“concern for orderly administration”) (citations omitted).
The Settlement With The Taxing Authorities Is Fair And Reasonable
The Court should approve the settlement with the Taxing Authorities because it is fair
and reasonable and in the best interests of the Quest Estate. First, the settlement will avoid
unnecessary litigation by resolving five separate claims and their related objections. Second,
the collective nature of the settlement means that the Receiver does not have to spend time
and money to resolve factual and legal issues unique to each claimant. Third, the settled
claim amount is approximately $80,000 less than the total amount currently due. And fourth,
resolution of the claims by the Taxing Authorities will make the sale of Quest or its assets
substantially easier and thus conserve Receivership resources.
The Settlement With The Bank Is Fair And Reasonable
The Court should also approve the settlement with the Bank because it is fair and
reasonable and in the best interests of the Quest Estate. First, the settlement will avoid
unnecessary litigation by resolving the Bank’s claim and objection. Second, by allowing the
Bank to foreclose on the Property, the Receiver will avoid numerous costs, including
(1) ongoing maintenance and repairs; (2) commissions and fees charged by real estate agents
or auction companies; and (3) the legal fees and costs required to seek the Court’s approval
of any private sale. Third, the Receiver believes the value of the Property is substantially less
than the Bank’s $198,250.14 claim amount. And fourth, the settlement also resolves the
Bank’s claim to unspecified “interest from 9/12/2013” and litigation over the Bank’s right to
the payment of interest.
To effectuate the settlement, the Receiver moves the Court to authorize the Receiver
to abandon the Property, thereby removing it from the Quest Estate. See, e.g., Doc. 1267
(authorizing abandonment of storage unit); S.E.C. v. Ryan, 2013 WL 12141502 (N.D.N.Y.
2013) (authorizing abandonment of property). Abandonment is appropriate here because the
value to the Quest Estate of resolving the Bank’s claim is greater (and perhaps substantially
so) than the value of the Property itself, especially given all the attendant maintenance,
marketing, and legal costs.
The Receiver also moves the Court to lift – with respect to the Bank’s foreclosure of
the Property only – the stay and injunction that prevents anyone “from in any way disturbing
the assets or proceeds of the receivership or from prosecuting any actions or proceedings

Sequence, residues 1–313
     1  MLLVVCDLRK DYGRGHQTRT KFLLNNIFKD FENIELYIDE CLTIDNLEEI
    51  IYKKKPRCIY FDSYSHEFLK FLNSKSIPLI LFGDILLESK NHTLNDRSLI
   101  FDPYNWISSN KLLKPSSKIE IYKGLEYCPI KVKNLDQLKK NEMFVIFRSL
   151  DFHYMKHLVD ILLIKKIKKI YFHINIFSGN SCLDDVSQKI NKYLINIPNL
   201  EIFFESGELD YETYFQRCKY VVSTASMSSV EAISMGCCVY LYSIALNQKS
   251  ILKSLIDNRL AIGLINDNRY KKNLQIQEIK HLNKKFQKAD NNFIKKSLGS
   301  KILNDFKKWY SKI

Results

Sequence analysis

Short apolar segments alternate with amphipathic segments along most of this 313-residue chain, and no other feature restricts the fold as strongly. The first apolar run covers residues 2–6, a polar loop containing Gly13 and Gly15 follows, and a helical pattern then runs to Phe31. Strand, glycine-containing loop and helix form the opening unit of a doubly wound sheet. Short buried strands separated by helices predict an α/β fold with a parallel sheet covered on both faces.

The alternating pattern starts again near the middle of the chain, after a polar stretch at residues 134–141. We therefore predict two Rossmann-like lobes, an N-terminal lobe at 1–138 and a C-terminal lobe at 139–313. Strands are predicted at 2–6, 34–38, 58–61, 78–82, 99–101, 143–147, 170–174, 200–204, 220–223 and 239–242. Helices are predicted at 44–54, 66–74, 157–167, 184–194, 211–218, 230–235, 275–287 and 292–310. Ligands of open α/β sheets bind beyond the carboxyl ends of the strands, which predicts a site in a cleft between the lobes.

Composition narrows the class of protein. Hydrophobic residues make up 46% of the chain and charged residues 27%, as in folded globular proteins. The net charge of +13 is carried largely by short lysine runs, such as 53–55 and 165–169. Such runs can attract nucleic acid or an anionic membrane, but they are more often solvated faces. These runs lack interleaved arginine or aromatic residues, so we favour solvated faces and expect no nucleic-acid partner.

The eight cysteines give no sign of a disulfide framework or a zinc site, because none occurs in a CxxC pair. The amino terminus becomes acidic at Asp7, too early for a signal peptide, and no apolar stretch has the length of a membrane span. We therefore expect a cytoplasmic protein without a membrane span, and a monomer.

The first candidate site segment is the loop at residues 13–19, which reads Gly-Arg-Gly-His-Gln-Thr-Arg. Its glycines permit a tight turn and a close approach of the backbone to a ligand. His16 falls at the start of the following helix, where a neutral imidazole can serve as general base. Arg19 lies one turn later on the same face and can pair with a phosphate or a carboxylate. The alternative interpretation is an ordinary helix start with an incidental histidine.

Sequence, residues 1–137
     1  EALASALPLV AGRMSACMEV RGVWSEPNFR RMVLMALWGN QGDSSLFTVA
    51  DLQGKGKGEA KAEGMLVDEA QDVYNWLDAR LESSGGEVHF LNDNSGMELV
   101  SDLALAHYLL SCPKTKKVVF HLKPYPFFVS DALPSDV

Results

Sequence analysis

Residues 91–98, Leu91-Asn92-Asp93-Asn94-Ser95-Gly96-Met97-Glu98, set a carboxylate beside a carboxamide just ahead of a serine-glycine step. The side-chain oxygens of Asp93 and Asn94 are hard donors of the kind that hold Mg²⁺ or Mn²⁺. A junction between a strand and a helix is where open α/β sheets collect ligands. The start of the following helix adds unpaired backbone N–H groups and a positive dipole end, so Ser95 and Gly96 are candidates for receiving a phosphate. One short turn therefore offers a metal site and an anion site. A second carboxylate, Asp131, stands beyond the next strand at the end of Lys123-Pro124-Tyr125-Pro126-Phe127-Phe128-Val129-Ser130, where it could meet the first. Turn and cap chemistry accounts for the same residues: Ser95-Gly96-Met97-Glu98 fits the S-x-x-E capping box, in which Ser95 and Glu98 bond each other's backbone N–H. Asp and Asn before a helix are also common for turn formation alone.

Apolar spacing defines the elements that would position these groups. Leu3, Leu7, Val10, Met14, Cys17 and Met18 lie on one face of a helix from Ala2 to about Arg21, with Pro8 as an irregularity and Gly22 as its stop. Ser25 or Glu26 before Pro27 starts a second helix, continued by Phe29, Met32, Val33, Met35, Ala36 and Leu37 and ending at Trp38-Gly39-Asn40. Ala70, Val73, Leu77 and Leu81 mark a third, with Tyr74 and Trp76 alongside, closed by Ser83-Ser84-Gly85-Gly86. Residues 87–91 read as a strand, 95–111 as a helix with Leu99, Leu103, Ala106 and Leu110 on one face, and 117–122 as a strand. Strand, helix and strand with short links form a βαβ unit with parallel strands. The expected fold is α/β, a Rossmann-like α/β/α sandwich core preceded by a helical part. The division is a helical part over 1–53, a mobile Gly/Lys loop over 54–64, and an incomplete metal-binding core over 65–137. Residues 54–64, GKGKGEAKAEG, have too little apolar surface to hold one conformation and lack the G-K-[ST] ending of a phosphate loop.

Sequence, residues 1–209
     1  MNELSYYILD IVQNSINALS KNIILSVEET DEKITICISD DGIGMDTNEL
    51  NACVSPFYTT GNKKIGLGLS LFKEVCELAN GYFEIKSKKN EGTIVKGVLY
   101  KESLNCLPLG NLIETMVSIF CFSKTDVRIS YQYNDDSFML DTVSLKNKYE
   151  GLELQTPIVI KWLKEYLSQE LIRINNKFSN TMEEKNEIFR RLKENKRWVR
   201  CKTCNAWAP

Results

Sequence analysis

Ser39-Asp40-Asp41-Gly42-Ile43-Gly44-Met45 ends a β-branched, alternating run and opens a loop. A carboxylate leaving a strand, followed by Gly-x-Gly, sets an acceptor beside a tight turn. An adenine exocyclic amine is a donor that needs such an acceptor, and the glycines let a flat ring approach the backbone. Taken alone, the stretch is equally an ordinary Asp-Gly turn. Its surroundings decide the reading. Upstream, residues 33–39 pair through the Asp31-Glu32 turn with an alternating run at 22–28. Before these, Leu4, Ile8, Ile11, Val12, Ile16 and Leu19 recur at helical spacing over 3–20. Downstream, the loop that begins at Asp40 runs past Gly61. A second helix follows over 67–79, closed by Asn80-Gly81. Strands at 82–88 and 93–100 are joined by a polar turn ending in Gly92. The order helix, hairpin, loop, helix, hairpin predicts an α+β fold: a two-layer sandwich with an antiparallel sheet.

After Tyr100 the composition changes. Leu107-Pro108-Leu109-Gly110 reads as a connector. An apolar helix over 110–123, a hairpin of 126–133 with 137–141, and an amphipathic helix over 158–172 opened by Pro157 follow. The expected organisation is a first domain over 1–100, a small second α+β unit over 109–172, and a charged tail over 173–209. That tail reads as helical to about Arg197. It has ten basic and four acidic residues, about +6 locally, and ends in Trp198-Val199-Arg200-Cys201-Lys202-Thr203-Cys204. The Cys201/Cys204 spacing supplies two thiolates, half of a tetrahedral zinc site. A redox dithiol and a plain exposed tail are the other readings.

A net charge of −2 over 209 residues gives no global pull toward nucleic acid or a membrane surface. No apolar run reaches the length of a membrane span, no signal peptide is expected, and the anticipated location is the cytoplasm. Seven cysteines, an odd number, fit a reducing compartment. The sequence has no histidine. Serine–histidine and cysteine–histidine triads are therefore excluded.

which involve the Receiver or which affect the property of the Defendants or Relief
Defendants.” Doc. 8 ¶ 15, made applicable to the Quest Estate by Doc. 1024 at p. 8 ¶ 2.
This relief is necessary to allow the Bank to commence foreclosure proceedings against the
Property. See Doc. 1365 (lifting stay to allow secured creditor to foreclose on property).
The Receiver moves the Court for entry of an order (in substantially the form of the
proposed order attached as Exhibit 1) approving the claim and objection settlements attached
as Exhibits A and B, authorizing the Receiver to abandon the Property, and lifting the stay
and injunction to allow the Bank to foreclose on the Property.
CERTIFICATE UNDER LOCAL RULE 3.01(g)
Undersigned counsel for the Receiver has conferred with counsel for the SEC and is
authorized to represent to the Court that the SEC does not oppose the relief requested in this
Counsel for the Receiver has not conferred with the other 87 claimants that
submitted claims in the Quest Claims Process, but the Receiver has posted this motion and its
exhibits on his website: www.nadelreceivership.com.
VERIFICATION OF RECEIVER
I, Burton W. Wiand, Court-Appointed Receiver in the above-styled matter, hereby
certify that the information contained in this motion is true and correct to the best of my
knowledge and belief.
s/ Burton W. Wiand
Burton W. Wiand, Court-Appointed Receiver
CERTIFICATE OF SERVICE
I HEREBY CERTIFY that on July 24, 2019, I filed the foregoing with the Clerk of
the Court by using the CM/ECF system. I also served a copy of the foregoing via email and
U.S. Mail on the following counsel for Class 1 and Class 2 creditors:
McCreary Veselka Bragg & Allen P.C.
700 Jeffrey Way, #100
Round Rock, TX 78665
Counsel for the Taxing Authorities
Raymond J. Rotella
Kosto & Rotella P.A.
619 E Washington Street
Orlando, FL 32802
Counsel for the Bank
s/Jared J. Perez
Jared J. Perez, FBN 0085192
WIAND GUERRA KING P.A.
5505 W. Gray Street
Tampa, FL 33609
Attorney for the Receiver